Berry, the sweet, finger sized treats of nature, generally appear as small, round clusters of edible fruit that have many seeds, bright colors, and tangy, juicy flesh. Blueberries, raspberries, açai berries, goji berries, red currants, and many other types of berries are used as garnishes and to make desserts, jams, and syrups. Rich in anthocyanins, these excellent sources of antioxidants consistently rank high on so-called superfoods lists. Berries are also one natural food most frequently associated with the emerging keyword “well-aging.” Since the mid-aughts, berries have reigned supreme alongside root vegetables and herbs as emblematic Nordic ingredients thanks to the New Nordic Food movement, which advocates a seasonal food culture focusing on wild, local produce.
There are countless varieties of berries that come in various colors and shapes. The fruits are often the main attraction in desserts and drinks. Berries are healthy as they’re packed with nutrients. Most people have a positive image of berries. In addition, as wild food foraging drew attention in Northern Europe in the mid-aughts, wild berries became a symbol of the creativity behind the New Nordic Food movement.
“Berries have been invaluable as a source of food for humans and animals across the ages, and they emerged as a superfood in modern times.”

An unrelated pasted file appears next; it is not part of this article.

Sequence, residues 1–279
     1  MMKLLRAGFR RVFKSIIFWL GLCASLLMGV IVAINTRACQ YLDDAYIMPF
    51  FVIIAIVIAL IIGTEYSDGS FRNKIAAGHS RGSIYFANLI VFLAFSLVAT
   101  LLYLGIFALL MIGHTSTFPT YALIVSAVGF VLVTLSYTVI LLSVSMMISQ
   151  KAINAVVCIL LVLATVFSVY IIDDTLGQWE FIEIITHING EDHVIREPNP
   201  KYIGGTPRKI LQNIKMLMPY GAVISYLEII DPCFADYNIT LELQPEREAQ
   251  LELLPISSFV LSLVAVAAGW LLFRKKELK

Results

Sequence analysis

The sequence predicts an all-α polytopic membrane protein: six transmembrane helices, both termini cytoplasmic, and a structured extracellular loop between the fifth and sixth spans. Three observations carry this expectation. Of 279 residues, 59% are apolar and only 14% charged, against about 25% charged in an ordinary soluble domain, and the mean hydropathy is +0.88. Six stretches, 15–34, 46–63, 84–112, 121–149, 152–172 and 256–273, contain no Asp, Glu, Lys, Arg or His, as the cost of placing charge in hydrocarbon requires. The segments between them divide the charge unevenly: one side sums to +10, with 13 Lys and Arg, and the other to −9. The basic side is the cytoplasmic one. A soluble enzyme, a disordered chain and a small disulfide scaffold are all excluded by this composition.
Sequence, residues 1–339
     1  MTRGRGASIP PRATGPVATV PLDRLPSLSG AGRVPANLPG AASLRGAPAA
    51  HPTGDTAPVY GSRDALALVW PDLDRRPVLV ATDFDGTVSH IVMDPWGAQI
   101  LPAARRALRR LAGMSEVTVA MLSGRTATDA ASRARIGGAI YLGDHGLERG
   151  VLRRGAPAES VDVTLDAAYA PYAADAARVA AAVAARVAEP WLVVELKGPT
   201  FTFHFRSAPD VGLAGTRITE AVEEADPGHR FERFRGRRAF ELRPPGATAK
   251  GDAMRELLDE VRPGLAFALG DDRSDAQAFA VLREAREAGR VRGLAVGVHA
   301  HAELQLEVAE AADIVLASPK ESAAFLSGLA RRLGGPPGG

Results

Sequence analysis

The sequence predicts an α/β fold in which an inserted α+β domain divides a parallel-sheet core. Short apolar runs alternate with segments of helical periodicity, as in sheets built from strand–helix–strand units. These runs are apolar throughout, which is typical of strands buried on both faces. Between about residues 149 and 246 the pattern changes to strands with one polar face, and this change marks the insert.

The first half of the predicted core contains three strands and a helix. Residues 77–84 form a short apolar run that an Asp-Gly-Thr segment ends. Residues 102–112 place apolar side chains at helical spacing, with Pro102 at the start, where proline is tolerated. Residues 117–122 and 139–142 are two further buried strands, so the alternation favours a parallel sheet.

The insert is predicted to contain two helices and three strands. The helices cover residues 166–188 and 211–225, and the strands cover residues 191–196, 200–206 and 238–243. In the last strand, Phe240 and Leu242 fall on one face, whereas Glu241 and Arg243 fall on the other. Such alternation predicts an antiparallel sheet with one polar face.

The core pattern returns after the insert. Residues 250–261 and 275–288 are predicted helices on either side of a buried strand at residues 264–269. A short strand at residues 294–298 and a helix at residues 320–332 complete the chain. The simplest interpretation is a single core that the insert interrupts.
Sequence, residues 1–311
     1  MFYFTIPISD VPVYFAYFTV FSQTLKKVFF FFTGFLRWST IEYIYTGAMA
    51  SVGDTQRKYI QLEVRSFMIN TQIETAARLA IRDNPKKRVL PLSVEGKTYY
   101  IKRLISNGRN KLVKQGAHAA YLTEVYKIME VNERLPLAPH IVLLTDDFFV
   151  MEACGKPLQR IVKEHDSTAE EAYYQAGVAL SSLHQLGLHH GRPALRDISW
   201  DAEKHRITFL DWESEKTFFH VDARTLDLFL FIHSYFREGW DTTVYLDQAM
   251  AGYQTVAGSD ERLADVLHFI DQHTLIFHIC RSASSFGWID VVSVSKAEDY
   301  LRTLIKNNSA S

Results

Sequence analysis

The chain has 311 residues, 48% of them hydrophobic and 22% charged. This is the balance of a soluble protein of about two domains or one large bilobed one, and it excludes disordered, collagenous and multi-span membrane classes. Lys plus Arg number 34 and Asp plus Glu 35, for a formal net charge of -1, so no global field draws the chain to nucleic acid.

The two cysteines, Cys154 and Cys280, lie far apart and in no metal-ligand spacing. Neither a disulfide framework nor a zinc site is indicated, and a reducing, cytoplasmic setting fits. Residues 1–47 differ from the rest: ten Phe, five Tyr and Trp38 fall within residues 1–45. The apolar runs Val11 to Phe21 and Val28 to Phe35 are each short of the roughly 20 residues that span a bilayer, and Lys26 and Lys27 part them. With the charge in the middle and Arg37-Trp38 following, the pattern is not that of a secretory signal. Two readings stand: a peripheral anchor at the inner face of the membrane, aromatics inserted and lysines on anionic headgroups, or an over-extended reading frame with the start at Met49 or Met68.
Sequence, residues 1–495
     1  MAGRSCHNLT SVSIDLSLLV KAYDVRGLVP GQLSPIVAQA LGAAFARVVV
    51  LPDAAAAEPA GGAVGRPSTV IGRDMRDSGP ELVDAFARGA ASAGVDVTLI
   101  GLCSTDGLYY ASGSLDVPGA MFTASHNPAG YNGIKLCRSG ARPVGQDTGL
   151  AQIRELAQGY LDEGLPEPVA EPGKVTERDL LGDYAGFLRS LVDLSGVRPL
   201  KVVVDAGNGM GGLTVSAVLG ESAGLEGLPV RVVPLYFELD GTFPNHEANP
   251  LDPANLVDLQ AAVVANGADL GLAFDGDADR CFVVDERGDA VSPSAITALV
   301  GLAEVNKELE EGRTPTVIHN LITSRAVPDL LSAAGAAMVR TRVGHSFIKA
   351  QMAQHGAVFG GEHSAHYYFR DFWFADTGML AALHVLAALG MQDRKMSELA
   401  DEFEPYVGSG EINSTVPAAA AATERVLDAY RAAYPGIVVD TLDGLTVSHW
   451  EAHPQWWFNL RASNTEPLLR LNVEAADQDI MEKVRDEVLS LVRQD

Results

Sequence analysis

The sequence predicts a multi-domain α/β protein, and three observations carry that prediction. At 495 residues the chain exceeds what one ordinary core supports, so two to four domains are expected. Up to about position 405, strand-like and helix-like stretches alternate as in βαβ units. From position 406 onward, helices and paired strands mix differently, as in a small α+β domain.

Academic Manual, “Berry”, Magazine F
“A rose hip, also called a rose haw or rose hep, is the fruit of the rose plant. Rose hips are popular in Sweden as a soup ingredient, rose hip oil is extracted from the seeds for cosmetics, touted for its excellent antioxidant effects. Rose hips contain 20 times more vitamin C than lemons, and they help relieve constipation and build up immunity.”
Berry Guide, “Berry”, Magazine F
“In the early days, Nordic cuisine was quite strict. It required chefs to use ingredients produced only in the North Sea region and even lemons were banned. Now the regulations have become a little but more relaxed. We’re allowed to use lemon juice, pepper, and ginger if we want. Should I say that we’ve all matured? In a way, we all become more flexible as we grow older.”
Nicolai Norregaard, Foraging Tour in Bornholm, “Berry”, Magazine F